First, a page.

Rochester Man Sentenced on Child Pornography Possession Charge
CONCORD, N.H. – Acting United States Attorney John J. Farley announced today that Cory Danis, 29, of Rochester, New Hampshire, was sentenced to 37 months in federal prison after pleading guilty to possessing child pornography.
According to court documents and statements made in court, in 2015 the Federal Bureau of Investigations (FBI) was contacted by a New York firm that was in the business of producing canvas prints from photographs. The firm had received a photograph of a minor in a sexually explicit pose as part of an order for a canvas print of the image. The firm provided the FBI with contact information for the customer. Further investigation by the FBI resulted in the identification of Danis as the customer who possessed the image that was sent to the New York business and who ordered the canvas print.
Danis, who pleaded guilty on August 22, 2017, was also sentenced to 5 years of supervised release, which will begin after he is released from prison.
“The protection of children is one of the most important missions of law enforcement,” said Acting U.S. Attorney Farley. “Through Project Safe Neighborhoods, we will work tirelessly with our law enforcement partners to combat child pornography and other crimes that exploit children.”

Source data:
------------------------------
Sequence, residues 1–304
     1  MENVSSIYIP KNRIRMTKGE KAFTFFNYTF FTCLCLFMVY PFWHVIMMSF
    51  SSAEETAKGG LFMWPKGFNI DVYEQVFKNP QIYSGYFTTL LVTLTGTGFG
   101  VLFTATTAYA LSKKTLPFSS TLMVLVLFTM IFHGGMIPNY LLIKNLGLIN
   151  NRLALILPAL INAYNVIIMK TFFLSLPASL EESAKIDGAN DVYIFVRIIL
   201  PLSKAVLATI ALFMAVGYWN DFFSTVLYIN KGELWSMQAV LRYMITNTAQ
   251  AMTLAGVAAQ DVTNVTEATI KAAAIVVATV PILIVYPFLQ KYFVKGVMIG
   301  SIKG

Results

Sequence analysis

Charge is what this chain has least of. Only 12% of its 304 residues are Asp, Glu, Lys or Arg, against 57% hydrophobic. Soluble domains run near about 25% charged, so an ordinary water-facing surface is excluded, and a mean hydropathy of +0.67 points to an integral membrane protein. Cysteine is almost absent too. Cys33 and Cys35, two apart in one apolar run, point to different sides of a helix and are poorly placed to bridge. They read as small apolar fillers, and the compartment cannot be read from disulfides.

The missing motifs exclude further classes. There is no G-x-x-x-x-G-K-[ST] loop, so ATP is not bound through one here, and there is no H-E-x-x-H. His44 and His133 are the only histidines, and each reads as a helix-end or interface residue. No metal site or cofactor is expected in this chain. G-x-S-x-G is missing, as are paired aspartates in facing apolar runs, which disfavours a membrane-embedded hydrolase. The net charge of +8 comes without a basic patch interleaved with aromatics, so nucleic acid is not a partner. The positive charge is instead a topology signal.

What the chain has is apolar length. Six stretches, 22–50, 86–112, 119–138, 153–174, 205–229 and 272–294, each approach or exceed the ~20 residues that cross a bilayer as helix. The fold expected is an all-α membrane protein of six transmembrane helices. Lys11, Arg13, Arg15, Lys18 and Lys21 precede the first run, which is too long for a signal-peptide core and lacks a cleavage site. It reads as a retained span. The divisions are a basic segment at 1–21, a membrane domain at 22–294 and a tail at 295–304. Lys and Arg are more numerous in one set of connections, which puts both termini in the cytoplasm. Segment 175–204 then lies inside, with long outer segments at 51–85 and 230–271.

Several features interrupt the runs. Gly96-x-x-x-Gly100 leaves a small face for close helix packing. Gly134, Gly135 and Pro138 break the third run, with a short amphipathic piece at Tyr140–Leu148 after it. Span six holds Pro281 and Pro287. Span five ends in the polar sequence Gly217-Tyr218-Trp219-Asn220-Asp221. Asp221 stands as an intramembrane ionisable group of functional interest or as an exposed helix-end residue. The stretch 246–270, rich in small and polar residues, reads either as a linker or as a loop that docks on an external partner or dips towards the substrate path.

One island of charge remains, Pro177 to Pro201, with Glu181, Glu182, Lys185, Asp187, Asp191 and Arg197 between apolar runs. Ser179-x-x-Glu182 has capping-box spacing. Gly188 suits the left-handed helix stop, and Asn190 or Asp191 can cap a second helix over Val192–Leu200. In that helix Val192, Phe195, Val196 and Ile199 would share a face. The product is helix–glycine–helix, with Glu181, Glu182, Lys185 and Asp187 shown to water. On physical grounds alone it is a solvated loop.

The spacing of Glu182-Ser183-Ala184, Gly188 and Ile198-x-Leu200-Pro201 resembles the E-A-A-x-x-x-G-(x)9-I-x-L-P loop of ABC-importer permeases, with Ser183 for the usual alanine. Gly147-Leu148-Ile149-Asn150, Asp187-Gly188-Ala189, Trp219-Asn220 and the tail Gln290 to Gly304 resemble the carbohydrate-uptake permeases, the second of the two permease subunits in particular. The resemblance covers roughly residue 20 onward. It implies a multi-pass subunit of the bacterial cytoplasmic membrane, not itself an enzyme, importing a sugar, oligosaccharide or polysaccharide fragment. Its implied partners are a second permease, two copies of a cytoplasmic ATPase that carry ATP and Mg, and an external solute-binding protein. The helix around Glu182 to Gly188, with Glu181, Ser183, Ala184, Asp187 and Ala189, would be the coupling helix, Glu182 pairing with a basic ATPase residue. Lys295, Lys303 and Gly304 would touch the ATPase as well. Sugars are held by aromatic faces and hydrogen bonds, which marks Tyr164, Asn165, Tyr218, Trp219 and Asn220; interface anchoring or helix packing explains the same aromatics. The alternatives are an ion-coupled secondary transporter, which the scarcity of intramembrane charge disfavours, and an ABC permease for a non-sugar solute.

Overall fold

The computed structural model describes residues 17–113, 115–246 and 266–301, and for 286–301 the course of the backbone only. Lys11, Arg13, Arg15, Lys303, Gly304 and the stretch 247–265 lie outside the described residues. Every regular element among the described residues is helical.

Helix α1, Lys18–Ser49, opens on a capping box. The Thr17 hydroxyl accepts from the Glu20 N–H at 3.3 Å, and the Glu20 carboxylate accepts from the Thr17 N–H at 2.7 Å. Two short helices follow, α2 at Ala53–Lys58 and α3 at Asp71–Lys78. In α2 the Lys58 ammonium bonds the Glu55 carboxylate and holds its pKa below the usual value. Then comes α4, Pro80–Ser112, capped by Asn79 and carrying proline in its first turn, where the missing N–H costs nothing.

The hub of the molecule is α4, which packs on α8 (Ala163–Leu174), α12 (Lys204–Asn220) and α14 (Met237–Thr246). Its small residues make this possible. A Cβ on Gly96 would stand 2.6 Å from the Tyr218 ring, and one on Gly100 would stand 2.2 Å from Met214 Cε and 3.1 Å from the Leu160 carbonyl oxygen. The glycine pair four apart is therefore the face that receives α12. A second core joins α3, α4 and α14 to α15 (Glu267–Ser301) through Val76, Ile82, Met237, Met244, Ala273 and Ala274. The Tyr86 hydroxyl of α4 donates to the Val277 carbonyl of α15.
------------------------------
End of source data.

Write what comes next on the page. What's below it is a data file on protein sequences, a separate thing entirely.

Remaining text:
“When children are sexually assaulted to produce photos, they are not just victimized once, but repeatedly re-victimized through the on-line trading of their images,” said Harold H. Shaw, Special Agent in Charge, FBI Boston Division. “It takes an engaged and attentive community to counter these threats to our most vulnerable, and the FBI would like to thank the concerned citizen who came forward to report these egregious acts and remind others of the importance of reporting these crimes to law enforcement.”
The FBI conducted the investigation of this case with assistance from the Rochester Police Department. The case was prosecuted by Assistant United States Attorney Helen White Fitzgibbon and Assistant United States Attorney Donald Feith.
In February 2006, the Department of Justice introduced Project Safe Childhood, a nationwide initiative designed to protect children from online exploitation and abuse. Led by the United States Attorney’s Offices, Project Safe Childhood marshals federal, state and local resources to better locate, apprehend, and prosecute individuals who exploit children via the Internet, as well as identify and rescue victims. For more information about Project Safe Childhood, please visit www.projectsafechildhood.gov.